Marquis de Sade

"Let us have good laws, and we can then do without religion"

Marquis de Sade

"God strung up his own son like a side of veal. I shudder to think what he would do to me"

Marquis de Sade
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Marquis de Sade Biography

The Marquis de Sade came from the aristocracy of French society that he was to scandalise for much of his adult life. He was a self confessed libertine whose morally unrestrained outlook on life was not something he tried to hide away from the world. He was a philosopher and writer who never held back with either his actions or his words of wanton lust.

Now, writing about debauchery may have raised a few 18th century Parisian eyebrows but, actually carrying out the very deeds in real life nearly saw the guillotine raised above his neck such was the level of scandal he immersed himself in.

Indeed, many writers showing interest in the Marquis de Sade have speculated that he carried out his sordid antics before he actually wrote about them in his novels. He polarised views, theologians and the establishment hated him whereas the more bohemian writers and artists sympathised with the honesty of his attitude towards sexual desire.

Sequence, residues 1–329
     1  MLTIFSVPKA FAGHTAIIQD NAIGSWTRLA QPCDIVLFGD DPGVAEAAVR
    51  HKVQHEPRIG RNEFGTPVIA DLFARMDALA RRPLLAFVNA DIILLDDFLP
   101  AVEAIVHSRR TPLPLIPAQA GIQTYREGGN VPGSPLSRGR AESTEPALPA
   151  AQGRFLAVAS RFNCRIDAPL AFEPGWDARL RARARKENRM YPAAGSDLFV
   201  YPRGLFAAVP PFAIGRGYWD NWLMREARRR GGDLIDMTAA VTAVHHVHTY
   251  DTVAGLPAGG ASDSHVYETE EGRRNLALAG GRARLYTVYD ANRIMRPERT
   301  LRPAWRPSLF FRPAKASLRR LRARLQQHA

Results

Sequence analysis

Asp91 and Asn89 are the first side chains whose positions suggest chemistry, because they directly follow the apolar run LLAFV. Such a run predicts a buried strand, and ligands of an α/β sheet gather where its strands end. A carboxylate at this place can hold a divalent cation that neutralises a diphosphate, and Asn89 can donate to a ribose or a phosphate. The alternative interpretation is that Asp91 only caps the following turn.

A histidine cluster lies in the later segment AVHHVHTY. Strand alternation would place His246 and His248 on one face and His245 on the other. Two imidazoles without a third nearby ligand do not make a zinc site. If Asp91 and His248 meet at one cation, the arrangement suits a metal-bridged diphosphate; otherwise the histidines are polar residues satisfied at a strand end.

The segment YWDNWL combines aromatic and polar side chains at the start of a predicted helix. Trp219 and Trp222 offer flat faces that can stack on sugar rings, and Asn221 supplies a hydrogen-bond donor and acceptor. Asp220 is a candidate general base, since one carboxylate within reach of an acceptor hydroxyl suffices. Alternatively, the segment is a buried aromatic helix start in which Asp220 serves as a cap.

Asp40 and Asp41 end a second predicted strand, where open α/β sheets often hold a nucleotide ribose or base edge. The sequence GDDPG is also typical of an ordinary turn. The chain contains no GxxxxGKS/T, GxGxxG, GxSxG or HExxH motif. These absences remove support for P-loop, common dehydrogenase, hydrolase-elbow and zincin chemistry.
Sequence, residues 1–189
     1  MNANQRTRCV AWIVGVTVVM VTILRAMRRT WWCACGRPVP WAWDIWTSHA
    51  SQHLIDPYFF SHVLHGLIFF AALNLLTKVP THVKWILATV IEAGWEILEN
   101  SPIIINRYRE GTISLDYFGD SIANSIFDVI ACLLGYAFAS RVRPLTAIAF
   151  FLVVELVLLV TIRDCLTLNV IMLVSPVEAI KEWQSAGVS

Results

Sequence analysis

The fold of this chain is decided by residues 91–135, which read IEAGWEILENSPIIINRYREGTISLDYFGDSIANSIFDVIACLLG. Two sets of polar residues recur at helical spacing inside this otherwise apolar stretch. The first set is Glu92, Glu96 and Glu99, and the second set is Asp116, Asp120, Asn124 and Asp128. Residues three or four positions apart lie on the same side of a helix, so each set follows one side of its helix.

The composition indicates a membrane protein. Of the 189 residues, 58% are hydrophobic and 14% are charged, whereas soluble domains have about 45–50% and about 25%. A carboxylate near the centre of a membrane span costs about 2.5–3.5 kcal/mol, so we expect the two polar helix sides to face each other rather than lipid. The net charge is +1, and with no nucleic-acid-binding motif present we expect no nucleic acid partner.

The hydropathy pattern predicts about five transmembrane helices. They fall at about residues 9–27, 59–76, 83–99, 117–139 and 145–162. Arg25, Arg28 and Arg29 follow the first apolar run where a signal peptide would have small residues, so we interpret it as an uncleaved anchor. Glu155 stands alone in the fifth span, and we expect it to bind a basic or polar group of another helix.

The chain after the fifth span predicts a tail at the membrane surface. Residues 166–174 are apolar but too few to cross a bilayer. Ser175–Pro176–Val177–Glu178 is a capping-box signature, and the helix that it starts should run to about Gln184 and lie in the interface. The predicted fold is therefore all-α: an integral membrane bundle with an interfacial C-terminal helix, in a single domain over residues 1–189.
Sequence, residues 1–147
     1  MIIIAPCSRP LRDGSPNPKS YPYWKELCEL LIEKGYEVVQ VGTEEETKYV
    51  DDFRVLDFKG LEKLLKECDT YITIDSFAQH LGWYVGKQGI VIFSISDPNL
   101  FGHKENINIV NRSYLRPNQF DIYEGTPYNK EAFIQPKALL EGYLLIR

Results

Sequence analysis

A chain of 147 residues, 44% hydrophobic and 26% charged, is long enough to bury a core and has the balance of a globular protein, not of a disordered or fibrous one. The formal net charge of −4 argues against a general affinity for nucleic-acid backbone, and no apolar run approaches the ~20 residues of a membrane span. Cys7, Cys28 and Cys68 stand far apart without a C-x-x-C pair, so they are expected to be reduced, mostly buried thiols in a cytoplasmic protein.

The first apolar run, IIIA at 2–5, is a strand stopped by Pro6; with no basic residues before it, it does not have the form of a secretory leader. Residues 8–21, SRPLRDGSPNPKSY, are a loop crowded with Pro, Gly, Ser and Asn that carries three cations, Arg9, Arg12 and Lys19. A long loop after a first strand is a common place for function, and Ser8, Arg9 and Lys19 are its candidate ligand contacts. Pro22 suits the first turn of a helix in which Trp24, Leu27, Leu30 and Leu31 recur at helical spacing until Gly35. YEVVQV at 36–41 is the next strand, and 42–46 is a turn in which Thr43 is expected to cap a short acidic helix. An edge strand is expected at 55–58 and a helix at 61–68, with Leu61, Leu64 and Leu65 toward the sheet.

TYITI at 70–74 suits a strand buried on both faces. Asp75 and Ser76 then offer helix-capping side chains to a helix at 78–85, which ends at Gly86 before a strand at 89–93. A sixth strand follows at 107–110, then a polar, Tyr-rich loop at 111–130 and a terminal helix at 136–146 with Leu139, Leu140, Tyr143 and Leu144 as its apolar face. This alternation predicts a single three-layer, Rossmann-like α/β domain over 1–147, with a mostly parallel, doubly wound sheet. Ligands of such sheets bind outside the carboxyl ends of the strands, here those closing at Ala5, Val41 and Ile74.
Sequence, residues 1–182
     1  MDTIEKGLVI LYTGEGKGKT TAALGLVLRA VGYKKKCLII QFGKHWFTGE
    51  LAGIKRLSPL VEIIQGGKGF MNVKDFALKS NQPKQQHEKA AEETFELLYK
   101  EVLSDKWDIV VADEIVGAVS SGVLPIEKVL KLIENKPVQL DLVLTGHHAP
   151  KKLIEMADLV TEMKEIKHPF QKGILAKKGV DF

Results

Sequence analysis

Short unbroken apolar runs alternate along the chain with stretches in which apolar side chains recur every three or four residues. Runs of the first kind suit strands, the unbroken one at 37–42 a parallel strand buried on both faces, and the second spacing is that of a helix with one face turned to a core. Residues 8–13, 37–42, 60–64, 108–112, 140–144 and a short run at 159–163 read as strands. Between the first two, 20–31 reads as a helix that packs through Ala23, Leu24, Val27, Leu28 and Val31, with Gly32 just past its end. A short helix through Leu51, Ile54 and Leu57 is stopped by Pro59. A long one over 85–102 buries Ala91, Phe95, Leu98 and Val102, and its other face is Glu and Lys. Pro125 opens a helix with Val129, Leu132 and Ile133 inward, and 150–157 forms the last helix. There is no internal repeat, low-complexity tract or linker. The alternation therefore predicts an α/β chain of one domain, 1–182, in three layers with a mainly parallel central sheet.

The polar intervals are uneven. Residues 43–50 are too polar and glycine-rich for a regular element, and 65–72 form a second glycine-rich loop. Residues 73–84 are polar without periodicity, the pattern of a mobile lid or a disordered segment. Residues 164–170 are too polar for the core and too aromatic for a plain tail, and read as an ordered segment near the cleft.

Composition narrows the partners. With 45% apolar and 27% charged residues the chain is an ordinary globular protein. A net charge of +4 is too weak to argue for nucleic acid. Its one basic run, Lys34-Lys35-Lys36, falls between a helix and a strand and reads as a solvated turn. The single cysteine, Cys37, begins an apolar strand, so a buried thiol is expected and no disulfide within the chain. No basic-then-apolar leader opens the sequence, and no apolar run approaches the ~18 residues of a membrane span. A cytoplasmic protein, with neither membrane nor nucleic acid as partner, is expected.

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His childhood did not make for happy reading, he came from a wealthy and respected line of French nobility but his father abandoned the family resulting in de Sade being sent away to various schools where corporal punishment in the form of whipping was the result for even the most minor insubordinations.

The young Marquis sensed the glee and the satisfaction from his school masters handing out physical punishments and he took this feeling into his adult life where he became obsessed with dominating his sexual partners. Administering a jolly good whipping became a habit for de Sade and one he especially enjoyed after his hapless victims were tied up by all fours.

Indeed the Marquis first scandal and incarceration involved tying up and whipping a poor unsuspecting servant girl called Rose Keller. This was the first of many tales about the sexual deviance of the Marquis and he was to spend more than 30 years of his life in various prisons and lunatic asylums where he penned a great deal of his major works.

In between incarcerations, there were plentiful tales of de Sade frequently visiting houses of ill repute and abusing both male and female prostitutes. There was an incident in 1772 in Marseilles, where his manservant, Latour, procured four young prostitutes to whom the Marquis administered the poisonous aphrodisiac Spanish fly to make them compliant to his repertoire of sexually abusive acts.

His hapless Marseilles victims, who had succumbed to de Sades will to satisfy his sadistic lust for inflicting subservient sexual cruelty, endured a torturous terror of defilement that was reported to the authorities. The shock of this incident rocked French society. Facing charges of poisoning through chocolates laced with Spanish Fly, sodomisation and flagellation that left wounds on the skin, the Marquis fled to Italy with his servant Latour.